[The Daisy Geyser, in Yellowstone National Park] erupted just when it was supposed to. Not seconds earlier, not seconds later. The world beyond Yellowstone was evidently quiet that day. Nothing had happened to change Daisy’s eruptive timetable. Alaska had not had an earthquake, and nor, quite probably, had San Francisco.
But one day each of these places will have an earthquake. There is not a scintilla of doubt about it. Earthquakes, volcanoes, tsunamis are all as inevitable a part of the earth’s story as sunrise and sunset are a part of the quotidian routine, the only signal difference being the rhythm and the pitiless irregularity of their occurrence. One day this place of mountains, lakes, and rivers will break and explode. New volcanoes will thrust out of the earth, produce even more rock, and lay it down on top of whatever monuments humans may have imprudently chosen to place in the way.
All that humans do, and everywhere that humans inhabit, is for the moment only – like the cherry blossoms in a Japanese springtime that are exquisite simply by virtue of their very impermanence. Geology, particularly the dramatic New Geology one sees in a place like Yellowstone, or on the Denali, or on the great San Andreas Fault, serves as an ever-present reminder of this – of the fragility of humankind, the evanescent nature of even our most impressive achievements.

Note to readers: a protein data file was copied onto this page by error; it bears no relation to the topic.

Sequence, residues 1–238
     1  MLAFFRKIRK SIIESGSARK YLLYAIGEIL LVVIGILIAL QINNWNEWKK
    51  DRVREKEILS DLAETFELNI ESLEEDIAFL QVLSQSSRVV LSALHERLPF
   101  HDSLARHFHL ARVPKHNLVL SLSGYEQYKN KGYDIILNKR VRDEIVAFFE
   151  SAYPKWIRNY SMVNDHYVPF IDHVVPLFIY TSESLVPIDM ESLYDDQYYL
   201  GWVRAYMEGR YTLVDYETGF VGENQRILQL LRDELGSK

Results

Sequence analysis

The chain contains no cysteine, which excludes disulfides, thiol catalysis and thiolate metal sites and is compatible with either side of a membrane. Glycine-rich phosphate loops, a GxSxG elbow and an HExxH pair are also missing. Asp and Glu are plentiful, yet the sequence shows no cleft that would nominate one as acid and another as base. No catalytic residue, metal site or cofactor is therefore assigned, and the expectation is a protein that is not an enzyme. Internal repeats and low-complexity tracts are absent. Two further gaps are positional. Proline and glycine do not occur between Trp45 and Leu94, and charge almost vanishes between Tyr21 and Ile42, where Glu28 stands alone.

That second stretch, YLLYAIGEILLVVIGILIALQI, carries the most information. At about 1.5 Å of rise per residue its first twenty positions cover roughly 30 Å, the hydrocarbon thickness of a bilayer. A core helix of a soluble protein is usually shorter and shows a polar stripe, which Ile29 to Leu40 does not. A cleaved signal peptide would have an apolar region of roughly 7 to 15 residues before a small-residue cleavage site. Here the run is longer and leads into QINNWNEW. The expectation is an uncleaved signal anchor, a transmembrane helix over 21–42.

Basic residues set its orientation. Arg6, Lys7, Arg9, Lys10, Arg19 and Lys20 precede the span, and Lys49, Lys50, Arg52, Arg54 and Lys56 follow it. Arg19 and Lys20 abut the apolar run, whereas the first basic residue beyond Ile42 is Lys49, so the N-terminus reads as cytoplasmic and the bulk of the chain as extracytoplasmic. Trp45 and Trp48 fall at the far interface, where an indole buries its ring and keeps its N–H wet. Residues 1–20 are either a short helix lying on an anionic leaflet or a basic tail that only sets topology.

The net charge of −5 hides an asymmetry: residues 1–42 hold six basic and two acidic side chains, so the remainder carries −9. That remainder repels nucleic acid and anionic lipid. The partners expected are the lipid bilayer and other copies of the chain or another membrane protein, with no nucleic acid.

It serves as a reminder that it is only by the planet’s consent that places like the mountains of Montana and Wyoming exist, and only by the planet’s consent that all towns and all cities – New Madrid, Charleston, Anchorage, Banda Aceh – and San Francisco – survive for as long as they do. It is a reminder, too, that this consent is a privilege, and one that may be snatched away suddenly, and without any warning at all.